Dealing with a manmade pond and a lot (real estate) next to it that's owned be someone else. The pond is about 85 feet across with a dam on one side. The dam is close to the other lot and water is at accumulating just outside the base of the base of the dam. The dam itself does not show any signs of leaking. The dam appears sound, intact and completely dry. My question is . . . How can I know if this water is leaking from my pond or if it's storm drainage water?

2 Answers 2


Might want to check with a friendly health inspection department. They have techniques for handling complaints about water possibly discharged from septic beds into neighbouring lands. Frequently this involves addition of a dye to water flushed through a toilet bowl and then watching to see if the dye appears at the discharge in question.

One case I was involved in had a discharge pipe in a public park that could have come from a neighbouring house directly uphill from the pipe. The health people came knocking on the door of the house and despite the homeowner's objections added a dye to the house toilet and flushed it. The discharge pipe continued to run clear and so the public was reassured that the water was not contaminated.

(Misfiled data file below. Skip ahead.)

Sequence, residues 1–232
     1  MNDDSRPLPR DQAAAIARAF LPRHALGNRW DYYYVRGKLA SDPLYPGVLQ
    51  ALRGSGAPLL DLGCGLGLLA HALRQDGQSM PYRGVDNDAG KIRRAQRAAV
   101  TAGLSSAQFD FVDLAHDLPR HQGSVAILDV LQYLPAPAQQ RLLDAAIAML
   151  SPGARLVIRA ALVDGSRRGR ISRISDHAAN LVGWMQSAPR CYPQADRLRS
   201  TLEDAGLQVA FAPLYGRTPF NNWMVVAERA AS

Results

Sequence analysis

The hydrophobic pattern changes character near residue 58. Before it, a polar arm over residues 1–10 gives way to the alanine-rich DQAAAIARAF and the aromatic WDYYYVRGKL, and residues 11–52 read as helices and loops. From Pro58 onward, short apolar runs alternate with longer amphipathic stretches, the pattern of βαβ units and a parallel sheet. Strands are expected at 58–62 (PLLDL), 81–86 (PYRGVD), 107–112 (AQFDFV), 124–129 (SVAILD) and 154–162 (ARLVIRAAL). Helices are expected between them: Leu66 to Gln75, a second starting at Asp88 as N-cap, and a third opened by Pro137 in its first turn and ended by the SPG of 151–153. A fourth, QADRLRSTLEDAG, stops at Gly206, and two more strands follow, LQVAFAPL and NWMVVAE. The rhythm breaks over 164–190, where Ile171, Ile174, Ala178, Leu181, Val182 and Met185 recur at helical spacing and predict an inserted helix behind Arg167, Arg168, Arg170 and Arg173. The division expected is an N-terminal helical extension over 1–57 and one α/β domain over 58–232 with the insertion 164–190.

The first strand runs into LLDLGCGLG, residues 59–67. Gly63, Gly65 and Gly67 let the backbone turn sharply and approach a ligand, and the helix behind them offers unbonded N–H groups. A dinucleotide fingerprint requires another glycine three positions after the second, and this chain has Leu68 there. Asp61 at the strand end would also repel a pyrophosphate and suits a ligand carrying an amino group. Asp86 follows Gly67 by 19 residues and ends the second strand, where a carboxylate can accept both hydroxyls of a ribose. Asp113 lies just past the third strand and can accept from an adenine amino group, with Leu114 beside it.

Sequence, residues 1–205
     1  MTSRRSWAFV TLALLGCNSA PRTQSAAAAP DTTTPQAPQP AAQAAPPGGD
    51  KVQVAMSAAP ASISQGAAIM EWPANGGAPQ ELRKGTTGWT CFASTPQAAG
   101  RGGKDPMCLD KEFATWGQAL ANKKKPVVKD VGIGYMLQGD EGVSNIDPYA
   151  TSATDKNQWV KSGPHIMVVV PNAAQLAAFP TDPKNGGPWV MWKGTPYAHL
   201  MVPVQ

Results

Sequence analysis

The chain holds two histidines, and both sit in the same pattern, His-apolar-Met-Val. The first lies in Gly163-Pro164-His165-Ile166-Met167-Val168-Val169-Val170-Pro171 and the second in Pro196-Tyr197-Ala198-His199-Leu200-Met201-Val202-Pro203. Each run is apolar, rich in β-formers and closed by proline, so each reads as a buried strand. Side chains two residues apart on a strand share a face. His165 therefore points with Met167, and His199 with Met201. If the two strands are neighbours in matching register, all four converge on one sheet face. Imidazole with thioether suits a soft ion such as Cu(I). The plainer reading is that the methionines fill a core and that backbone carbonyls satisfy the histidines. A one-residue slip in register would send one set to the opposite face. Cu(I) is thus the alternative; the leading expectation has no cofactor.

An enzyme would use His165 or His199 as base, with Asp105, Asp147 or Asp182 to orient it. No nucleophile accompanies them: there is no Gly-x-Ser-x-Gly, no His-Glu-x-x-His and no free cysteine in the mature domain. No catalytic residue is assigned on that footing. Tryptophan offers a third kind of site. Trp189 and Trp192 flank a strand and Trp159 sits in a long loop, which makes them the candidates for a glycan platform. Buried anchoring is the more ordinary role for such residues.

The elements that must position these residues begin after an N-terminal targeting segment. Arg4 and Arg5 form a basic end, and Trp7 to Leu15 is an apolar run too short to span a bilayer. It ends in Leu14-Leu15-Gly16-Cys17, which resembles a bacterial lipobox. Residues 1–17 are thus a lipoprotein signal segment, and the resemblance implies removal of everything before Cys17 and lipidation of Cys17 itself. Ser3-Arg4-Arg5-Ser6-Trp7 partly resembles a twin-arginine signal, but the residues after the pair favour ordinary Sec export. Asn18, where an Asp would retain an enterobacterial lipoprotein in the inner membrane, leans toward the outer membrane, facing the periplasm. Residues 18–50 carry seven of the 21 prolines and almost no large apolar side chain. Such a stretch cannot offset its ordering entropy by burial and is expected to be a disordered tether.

Clearly that was a different set of circumstances - the test volume of water was small compared to your pond and there were no fishes or plants to be concerned about. So the nature of the test dye would have to be considered carefully, and the time of testing would need to coincide with a low water level if such can be arranged. Hence the chat with the health people who will have seen many different cases. It sounds like you need a chemo test before and a chemo test after and compare results. A successful test, whatever the result, would lead to better neighbourly relations.


It sounds like an earth dam. The most important part is the size and construction of the spillway ; where water runs out during wet weather. If water over-tops an earth dam .it is finished. Aside from that , we have 3 earth dams in the community : 2 have a body of water at the bottom of the dam so one can not see any seepage. The third ( about 500 ft long) is often damp to wet at the bottom ; this is not unusual for small earth dams. Also "they" recently removed any trees from the dams as tree roots ( after they die) often provide a partial leak channel through the dam.

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